Joāo Paulo Esteves da Silva’s sublime sprinkle of piano keys sing out like an enchanting evenings chorus on the album’s beginning The House Behind, sounding all at once inspired, eloquent and most gently persuasive. Accompanied notably by both the cool twang of Mário Franco’s hot, double-bass alongside the punctuating language of Samuel Rohrer’s free flowing percussion the trio collectively form words, moods amid a heavenly swoon of atmospheric release. Jazz is an eternal conversation and if you’re tuned into the delivery its inherent essence is both spirited and an important one, crisscrossing history’s timeline like the breath of no other musical form.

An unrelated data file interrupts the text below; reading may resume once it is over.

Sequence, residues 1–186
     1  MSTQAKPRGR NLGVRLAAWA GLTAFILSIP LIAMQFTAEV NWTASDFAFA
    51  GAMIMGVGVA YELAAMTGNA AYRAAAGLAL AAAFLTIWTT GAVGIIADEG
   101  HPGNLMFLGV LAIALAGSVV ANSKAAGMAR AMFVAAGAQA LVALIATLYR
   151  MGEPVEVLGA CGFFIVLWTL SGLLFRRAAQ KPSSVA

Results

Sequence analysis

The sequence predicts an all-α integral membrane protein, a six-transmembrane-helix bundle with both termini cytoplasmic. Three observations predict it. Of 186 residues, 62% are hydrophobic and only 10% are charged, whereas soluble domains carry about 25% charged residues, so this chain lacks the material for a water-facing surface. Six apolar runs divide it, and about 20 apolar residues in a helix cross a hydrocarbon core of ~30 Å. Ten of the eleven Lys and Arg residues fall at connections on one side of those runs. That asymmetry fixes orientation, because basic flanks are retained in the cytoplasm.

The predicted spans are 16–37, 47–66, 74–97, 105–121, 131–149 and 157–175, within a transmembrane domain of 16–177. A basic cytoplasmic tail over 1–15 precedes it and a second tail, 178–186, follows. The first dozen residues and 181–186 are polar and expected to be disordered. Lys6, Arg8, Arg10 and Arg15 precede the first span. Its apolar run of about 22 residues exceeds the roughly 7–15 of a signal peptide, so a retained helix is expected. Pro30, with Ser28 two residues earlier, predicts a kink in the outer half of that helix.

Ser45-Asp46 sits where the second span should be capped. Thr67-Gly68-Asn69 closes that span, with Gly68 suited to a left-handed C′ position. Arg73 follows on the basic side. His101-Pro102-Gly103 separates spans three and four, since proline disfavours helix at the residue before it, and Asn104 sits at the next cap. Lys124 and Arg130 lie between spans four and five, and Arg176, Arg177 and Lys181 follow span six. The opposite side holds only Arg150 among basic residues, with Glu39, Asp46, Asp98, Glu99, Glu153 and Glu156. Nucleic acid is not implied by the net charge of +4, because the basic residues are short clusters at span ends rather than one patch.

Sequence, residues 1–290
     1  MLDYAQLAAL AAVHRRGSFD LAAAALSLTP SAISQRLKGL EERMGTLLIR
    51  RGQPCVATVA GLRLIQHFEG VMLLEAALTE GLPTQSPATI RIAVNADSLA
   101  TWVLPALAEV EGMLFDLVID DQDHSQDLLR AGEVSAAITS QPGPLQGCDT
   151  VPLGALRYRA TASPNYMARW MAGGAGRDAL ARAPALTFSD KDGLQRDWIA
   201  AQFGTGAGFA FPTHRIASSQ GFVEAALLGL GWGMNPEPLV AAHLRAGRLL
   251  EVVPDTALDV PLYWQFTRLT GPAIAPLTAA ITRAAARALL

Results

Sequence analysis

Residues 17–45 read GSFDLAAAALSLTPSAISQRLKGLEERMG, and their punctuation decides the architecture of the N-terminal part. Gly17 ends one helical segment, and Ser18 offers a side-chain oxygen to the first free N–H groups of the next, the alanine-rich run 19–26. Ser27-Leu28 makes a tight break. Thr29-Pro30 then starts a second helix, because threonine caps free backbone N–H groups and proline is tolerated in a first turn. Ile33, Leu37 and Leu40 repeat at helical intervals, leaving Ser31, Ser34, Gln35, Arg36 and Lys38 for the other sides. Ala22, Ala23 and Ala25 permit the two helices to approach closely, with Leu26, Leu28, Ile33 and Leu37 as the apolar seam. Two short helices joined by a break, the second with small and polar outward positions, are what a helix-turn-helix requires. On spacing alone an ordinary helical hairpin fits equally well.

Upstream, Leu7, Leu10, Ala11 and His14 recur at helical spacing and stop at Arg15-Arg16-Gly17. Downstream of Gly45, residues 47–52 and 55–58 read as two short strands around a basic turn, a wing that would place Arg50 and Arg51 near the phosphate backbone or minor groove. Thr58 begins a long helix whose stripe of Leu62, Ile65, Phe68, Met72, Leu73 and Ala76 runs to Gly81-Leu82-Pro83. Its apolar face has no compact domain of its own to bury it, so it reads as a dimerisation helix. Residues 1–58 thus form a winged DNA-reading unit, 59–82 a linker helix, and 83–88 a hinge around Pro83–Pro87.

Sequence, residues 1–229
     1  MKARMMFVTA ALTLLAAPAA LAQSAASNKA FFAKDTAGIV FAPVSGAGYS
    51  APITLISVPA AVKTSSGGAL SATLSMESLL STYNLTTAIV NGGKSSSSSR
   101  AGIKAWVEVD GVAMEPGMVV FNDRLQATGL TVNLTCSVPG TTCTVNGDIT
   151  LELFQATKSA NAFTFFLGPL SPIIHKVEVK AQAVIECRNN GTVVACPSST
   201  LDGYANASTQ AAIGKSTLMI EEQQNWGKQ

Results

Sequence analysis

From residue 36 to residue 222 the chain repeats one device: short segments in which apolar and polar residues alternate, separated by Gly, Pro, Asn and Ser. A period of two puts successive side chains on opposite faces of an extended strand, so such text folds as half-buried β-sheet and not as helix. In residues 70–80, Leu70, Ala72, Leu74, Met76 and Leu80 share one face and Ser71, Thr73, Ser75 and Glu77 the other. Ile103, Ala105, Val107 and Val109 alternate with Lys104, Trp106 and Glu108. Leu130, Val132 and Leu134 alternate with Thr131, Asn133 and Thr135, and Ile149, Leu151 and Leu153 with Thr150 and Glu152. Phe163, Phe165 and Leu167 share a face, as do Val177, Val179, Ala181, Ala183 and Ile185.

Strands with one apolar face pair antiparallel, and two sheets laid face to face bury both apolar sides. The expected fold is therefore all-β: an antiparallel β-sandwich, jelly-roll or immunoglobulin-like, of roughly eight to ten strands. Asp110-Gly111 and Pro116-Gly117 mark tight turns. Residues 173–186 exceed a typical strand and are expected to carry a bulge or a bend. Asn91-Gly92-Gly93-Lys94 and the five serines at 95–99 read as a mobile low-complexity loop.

Despite the gathering intensity witnessed throughout this album its quite surprising just how on occasion notes are left to define their own space, feeling almost relaxed about their given moments to shine, yet jointly they signify an insistent robust exchange. Like that expression: Quiet/ Loud there is an equal majesty at play here. Try, amongst all others, Head/ Heart as it unleashes the rolling thunder of improvised piano, rumbling bass and punctuating drums. Which is then wonderfully contrasted by the serene strains of From Below sounding like a lost and found romance delicately bathed in an analogue moonlight. Overall, The River is a haunting, imaginative work handcrafted via the coming fall of autumn leaves, in other words it’s a beautiful, timely selection of musical narration.
Release: September 22